8 * …as a matter of prosecutorial discretion, OSHA will not apply the General Duty Clause to ETS. * able=INTERPRETATIONS&p_id=24602 able=INTERPRETATIONS&p_id=24602 * February 24, 2003

9 * INDOOR AIR QUALITY INVESTIGATION SECTION III: CHAPTER 2 * Tobacco Smoke. Sources: Cigars, cigarettes, pipe tobacco. Acute health effects: Tobacco smoke can irritate the respiratory system and, in allergic or asthmatic persons, often results in eye and nasal irritation, coughing, wheezing, sneezing, headache, and related sinus problems. People who wear contact lenses often complain of burning, itching, and tearing eyes when exposed to cigarette smoke. 6 Tobacco smoke is a major contributor to indoor air quality problems. Tobacco smoke contains several hundred toxic substances including carbon monoxide, nitrogen dioxide, hydrogen sulfide, formaldehyde, ammonia, benzene, benzo(a)pyrene, tars, and nicotine. Most indoor air particulates are due to tobacco smoke and are in the respirable range. 6

10 * The American Society of Heating, Refrigerating, and Air- Conditioning Engineers (ASHRAE) established recommended ventilation rates for indoor environments in 1973. 2 2 * ASHRAE amended this standard in 1975 to specify the minimum value of 5 cubic feet per minute (CFM) of outdoor air per person be used in building design. This standard has been incorporated into the building codes of many cities and states. 3 3 * The 62-1989 standard recommends a minimum of 15 CFM of outdoor air per person for offices (reception areas) and 20 CFM per person for general office space with a moderate amount of smoking. Sixty cubic feet per minute per person is recommended for smoking lounges with local mechanical exhaust ventilation and no air recirculation. 4 4 *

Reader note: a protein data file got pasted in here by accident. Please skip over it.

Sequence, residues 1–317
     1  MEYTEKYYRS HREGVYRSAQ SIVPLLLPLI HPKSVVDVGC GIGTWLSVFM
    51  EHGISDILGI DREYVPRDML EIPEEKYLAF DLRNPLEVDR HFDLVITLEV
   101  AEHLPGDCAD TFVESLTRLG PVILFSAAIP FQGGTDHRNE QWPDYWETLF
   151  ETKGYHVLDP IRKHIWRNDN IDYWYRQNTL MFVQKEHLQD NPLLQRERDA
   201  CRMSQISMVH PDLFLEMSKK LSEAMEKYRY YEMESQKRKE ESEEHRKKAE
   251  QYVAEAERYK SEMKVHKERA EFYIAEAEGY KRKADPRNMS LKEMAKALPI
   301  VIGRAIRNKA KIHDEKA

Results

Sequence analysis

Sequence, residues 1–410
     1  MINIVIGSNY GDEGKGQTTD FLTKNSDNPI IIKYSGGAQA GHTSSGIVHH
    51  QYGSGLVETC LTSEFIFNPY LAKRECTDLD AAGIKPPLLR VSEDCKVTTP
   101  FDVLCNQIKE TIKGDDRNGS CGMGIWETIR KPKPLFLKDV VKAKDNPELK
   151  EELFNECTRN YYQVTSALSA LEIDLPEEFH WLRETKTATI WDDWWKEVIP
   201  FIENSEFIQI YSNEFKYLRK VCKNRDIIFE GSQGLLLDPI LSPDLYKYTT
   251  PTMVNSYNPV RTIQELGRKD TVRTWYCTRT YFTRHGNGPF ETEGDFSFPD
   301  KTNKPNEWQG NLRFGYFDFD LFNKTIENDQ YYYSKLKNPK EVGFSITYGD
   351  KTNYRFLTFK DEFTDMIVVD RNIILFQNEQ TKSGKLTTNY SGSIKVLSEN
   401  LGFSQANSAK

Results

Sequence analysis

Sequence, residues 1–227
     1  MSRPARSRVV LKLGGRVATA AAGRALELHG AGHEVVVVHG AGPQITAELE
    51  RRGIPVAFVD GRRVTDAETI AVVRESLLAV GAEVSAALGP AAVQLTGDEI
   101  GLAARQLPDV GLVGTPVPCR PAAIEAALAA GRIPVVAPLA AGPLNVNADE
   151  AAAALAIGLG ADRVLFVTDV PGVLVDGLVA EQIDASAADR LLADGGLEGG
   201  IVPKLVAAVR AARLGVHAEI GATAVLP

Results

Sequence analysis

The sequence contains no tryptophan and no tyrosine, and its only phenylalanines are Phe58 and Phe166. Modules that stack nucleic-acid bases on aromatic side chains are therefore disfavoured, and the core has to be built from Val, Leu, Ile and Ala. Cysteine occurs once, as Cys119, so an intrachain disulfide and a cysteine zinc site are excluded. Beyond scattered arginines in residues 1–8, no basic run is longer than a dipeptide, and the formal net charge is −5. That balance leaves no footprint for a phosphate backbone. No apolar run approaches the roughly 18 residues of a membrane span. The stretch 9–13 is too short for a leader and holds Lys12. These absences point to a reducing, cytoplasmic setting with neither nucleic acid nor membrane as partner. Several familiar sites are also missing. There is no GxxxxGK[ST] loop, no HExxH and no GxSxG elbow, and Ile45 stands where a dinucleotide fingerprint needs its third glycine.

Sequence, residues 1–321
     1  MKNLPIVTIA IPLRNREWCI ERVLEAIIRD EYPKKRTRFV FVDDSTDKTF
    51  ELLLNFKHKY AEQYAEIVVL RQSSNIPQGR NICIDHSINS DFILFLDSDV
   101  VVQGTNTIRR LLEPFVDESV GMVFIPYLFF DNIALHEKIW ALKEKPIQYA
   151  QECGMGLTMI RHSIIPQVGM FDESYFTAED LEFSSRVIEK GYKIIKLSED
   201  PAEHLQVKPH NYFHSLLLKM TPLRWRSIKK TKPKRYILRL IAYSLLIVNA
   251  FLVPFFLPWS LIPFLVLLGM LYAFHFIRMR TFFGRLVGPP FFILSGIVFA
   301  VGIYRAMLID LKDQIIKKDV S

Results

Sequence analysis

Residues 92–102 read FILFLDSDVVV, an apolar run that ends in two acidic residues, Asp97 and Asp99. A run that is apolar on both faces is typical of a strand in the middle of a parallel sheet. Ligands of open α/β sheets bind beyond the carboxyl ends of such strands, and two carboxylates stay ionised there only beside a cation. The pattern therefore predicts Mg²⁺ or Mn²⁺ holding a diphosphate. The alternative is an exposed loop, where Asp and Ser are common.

11 * Mold * Ozone * Money Counting Rooms * Lack of Ventilation


13 * (1) the general law touches exclusive rights of self-governance in purely intramural matters; * (2) the application of the general law to the tribe would abrogate rights guaranteed by Indian treaties or statutes; or * (3) there is proof by legislative history or some other means that Congress intended the general law not apply to Indians on their reservations.

14 * The business organization: * Fully integrated logging, sawmill, manufacturing * Owned and operated by the Tribe; operated on the Navajo Reservation * Managed by a board appointed by the tribal committee and council * Vast majority of employees were Navajo

15 * Holding: OSHA does not apply * Navajo Treaty expressly gave right to exclude non-Indians from reservation * OSHA’s right to require inspections would be inconsistent and jeopardize that treaty right